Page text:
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Thursday 23 January 2020

History was made last night, after years of dither and delay, Boris Johnson’s Brexit Bill was passed by both houses of Parliament.

“At times, it felt like we would never cross the Brexit finish line, but we’ve done it.” Said the Prime Minister. It has certainly not been a straightforward path, but we’ve finally got there. All it needed was a massive parliamentary majority to finally crush the dark forces and deliver the will of the British people. It certainly isn’t auspicious for future referendums.

Once the Bill has received royal assent, Dominic Raab will sign the UK’s instrument of ratification, confirming our exit from the EU under Article 50 of the Lisbon Treaty, which will be deposited in Brussels in time for Britain’s departure at 11pm on Jan 31st. We are nearly free from the grip of the European Union. A brighter future awaits.

The UK now faces another 11 months of negotiations with the EU to forge a trade deal. It hasn’t taken long for some trademark EU deviousness to surface. The Commission has drawn up a ‘hit list’ of UK financial institutions to penalise if the City of London strays too far from EU regulations after Brexit. The instrument, known as equivalence, will more than likely be used as a political weapon by the EU during negotiations.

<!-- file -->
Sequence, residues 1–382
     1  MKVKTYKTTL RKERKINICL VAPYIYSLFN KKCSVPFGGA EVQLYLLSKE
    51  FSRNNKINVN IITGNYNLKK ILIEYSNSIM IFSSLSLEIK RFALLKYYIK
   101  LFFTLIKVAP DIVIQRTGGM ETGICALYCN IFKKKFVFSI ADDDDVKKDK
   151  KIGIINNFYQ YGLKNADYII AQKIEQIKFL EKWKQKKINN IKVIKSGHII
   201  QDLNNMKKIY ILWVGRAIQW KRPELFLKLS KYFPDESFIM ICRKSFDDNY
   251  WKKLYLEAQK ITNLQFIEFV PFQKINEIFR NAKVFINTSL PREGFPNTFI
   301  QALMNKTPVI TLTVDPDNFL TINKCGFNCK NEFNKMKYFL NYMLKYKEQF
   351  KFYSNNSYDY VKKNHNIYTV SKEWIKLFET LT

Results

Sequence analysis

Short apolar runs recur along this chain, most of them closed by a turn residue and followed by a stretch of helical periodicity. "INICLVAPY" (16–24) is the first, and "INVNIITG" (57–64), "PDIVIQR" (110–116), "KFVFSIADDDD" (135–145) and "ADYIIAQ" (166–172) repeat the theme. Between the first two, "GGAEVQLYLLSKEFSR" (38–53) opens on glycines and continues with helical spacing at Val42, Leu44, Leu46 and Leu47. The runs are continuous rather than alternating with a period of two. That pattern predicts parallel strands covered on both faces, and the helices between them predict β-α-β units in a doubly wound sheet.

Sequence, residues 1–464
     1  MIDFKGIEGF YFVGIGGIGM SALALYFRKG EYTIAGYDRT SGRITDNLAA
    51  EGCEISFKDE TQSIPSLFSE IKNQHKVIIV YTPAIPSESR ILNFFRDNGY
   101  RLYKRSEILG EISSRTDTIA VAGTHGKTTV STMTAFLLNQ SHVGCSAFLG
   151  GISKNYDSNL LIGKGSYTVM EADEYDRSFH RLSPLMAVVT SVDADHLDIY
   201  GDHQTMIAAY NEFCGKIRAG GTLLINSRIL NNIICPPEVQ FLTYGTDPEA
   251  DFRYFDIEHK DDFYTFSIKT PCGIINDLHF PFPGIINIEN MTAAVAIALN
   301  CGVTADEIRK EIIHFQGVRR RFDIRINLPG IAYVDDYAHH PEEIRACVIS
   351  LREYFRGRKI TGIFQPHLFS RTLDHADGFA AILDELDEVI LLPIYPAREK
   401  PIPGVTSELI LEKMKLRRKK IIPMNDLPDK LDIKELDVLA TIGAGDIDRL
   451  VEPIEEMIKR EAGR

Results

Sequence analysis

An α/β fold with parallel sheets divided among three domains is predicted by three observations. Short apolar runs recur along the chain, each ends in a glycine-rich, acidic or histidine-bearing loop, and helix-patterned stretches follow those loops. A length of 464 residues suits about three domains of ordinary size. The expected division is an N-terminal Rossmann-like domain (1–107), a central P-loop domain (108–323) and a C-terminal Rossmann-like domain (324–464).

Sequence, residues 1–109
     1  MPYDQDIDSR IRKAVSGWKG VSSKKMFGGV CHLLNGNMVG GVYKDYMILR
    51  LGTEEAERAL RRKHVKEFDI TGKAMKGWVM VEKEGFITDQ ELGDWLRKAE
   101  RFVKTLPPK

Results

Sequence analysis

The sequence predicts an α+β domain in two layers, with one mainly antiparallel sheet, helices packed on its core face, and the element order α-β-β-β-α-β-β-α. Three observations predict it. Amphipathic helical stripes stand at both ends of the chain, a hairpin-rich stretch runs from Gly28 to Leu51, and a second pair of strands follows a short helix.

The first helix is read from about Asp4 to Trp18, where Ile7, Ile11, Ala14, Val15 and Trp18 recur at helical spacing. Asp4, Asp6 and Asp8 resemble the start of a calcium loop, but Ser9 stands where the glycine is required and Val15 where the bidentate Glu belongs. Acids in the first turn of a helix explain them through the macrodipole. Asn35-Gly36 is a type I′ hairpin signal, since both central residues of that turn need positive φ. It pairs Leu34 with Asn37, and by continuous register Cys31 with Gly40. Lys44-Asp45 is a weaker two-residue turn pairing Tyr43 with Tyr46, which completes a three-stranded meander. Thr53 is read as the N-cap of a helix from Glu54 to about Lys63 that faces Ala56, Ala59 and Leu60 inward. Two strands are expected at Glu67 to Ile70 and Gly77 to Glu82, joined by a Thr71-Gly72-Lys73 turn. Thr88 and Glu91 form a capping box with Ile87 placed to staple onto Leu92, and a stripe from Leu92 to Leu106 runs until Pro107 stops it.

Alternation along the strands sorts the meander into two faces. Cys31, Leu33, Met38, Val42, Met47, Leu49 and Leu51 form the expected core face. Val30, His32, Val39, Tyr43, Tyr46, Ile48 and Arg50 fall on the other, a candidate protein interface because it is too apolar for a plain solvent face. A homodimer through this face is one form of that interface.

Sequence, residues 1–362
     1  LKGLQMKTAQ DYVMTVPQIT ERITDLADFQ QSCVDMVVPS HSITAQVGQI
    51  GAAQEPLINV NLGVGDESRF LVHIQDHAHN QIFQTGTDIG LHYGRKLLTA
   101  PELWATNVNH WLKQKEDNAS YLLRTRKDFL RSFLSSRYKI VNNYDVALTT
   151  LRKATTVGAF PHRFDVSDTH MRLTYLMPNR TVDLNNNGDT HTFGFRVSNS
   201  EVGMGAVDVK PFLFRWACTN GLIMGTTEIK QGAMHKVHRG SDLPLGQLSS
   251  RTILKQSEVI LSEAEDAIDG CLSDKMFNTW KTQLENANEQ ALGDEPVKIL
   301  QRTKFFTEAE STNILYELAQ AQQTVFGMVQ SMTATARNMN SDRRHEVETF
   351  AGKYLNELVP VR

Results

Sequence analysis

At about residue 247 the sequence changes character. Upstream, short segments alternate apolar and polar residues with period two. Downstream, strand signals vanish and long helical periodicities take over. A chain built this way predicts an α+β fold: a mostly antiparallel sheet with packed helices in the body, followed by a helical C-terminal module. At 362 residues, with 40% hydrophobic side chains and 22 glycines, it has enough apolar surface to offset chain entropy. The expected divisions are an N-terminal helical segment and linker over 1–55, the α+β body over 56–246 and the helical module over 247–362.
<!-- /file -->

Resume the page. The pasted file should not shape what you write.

The EU have form for this tactic. Last year, Swiss Stock exchanges were banned from the single market to force Switzerland to re-negotiate a relationship with Brussels.

“What I have learned in international and European negotiations that all arguments and considerations are treated as political.” Said Croatian Prime Minister Andrej Plenkovic. We must be wise to EU tactical moves, they will use every trick in the book to attempt to bully the UK into getting things their way.

Meanwhile, Boris has suggested he will give tax cuts to millions of Brits. “Where you have the ability to cut taxes, I want to do it to help working people on lower incomes,” said Boris during a people’s PMQs sessions broadcast. The PM added “I believe strongly in helping people on low incomes, making sure they are properly paid. We want to move to a high-wage, high-skill economy uniting and levelling up across the whole of the UK.” The Government have already announced they plan to cut National Insurance Contributions, meaning people on the living wage will be £930 better off immediately.